The inside story of how U.S. terrorist hunters are going after al Qaeda
Al Qaeda's finances came into sharper focus, too. Estimates of bin Laden's wealth after 9/11--cited as high as $300 million--turned out to be wildly exaggerated. The Saudi heir had squandered his fortune years before. Al Qaeda's finances were, instead, built on a foundation of charities, mosques, fund-raisers, and businesses that had financed the jihad movement since its formative war against the Soviets in Afghanistan. CIA officers were joined by Treasury and FBI agents in tracing how al Qaeda moved its money--through international banks, hawala underground bankers, and the purchase of commodities like gold and gemstones.
For years, U.S. officials suspected al Qaeda's key support moved through a network of Islamic charities, most of them based in Saudi Arabia and tied to influential Saudis. The evidence of this was now damning. The CIA's interrogations of al Qaeda's top man in Southeast Asia revealed how the group used funds from the Saudi-based al Haramain Islamic Foundation. The Afghan offices of another Saudi outfit, al Wafa Humanitarian Organization, allegedly functioned as an al Qaeda subsidiary--until it was bombed by U.S. warplanes.
Even after 9/11, the Saudis proved less than cooperative. Frustrated, the CIA took matters into its own hands, hacking into Middle Eastern bank accounts to chart the flow of funds to al Qaeda operatives, intelligence sources tell U.S. News. Other times, case officers offered bribes and came away with bank statements and account numbers. By early March last year, U.S. officials had frozen the assets of a half-dozen foundations and urged other nations to do the same. On March 19, Bosnian authorities raided eight locations tied to the Benevolence International Foundation, a multimillion-dollar Islamic fund with offices in nine countries. Inside, officials found weapons and explosives, pilfered government documents on terrorism, plus videos and literature calling for holy war and martyrdom. But the real surprise lay within a sole computer at the foundation's Sarajevo office.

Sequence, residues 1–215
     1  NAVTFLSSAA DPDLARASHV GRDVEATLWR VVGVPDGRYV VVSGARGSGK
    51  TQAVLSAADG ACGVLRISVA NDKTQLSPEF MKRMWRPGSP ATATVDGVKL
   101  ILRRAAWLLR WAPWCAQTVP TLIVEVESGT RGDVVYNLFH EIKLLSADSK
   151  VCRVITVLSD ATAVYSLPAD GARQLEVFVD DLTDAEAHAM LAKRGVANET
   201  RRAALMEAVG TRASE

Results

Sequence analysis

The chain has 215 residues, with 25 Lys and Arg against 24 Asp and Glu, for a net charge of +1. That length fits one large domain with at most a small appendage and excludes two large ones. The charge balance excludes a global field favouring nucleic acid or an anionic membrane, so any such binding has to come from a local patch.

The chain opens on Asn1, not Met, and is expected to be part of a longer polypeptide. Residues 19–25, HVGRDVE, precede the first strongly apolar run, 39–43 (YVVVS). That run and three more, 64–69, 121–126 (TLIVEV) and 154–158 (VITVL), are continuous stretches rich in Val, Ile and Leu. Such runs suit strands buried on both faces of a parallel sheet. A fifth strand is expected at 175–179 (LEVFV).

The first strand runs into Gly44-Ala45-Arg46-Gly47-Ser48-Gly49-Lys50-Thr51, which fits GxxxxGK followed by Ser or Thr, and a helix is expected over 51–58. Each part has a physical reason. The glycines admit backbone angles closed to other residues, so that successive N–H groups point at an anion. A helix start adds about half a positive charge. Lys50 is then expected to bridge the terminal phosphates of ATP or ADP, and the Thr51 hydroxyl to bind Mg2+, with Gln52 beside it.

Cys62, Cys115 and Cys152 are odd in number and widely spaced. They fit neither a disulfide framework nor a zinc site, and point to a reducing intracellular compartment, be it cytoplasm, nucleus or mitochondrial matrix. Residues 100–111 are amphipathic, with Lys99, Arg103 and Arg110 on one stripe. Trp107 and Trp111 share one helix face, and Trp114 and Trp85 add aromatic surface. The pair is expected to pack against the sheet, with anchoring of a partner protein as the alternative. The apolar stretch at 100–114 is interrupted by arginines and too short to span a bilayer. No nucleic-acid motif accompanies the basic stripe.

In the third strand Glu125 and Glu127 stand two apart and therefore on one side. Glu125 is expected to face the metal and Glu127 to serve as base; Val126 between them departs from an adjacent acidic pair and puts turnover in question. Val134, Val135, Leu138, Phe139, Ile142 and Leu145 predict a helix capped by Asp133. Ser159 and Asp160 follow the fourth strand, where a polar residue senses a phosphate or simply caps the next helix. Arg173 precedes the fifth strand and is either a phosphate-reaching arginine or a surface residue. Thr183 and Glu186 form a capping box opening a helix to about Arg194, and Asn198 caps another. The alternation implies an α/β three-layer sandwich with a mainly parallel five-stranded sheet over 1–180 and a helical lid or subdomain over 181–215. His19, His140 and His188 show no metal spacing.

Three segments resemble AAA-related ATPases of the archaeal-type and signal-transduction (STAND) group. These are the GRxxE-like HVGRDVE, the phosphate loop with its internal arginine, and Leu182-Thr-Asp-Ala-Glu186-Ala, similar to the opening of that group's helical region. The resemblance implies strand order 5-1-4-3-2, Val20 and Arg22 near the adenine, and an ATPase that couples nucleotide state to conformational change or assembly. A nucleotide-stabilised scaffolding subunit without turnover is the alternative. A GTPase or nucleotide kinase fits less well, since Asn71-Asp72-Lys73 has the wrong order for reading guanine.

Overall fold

It was a file directory like that on any other PC, except this one was marked Tareekh Osama, Arabic for "Osama's History." As they peered inside, investigators were stunned. The contents were no less than al Qaeda's founding documents: scanned letters, records of meetings, photographs, and more--some of it in bin Laden's own handwriting.
The files laid bare al Qaeda's history in its own words--how it grew from a network backing anti-Soviet fighters in Afghanistan in the late 1980s into a global crusade against infidels everywhere. There was correspondence about moving weapons, money, and people; an organizational chart; and documents on the group's involvement in the Bosnian and Sudan civil wars in the early 1990s, then in Chechnya, in 1995. In a court filing unsealed in April this year, U.S. prosecutors called the files "a treasure-trove." Of special note was a handwritten list of names, topped by a verse from the Koran--"And spend for God's cause"--followed by 20 wealthy donors to the al Qaeda network, dating apparently from the late '80s. Known as the Golden Chain, the roster included some of Saudi Arabia's wealthiest men: three billionaire bankers, top industrialists, and a former government minister. After each man appeared a second name, in parenthesis, suggesting who received money from the donor. "Osama" appeared after seven entries.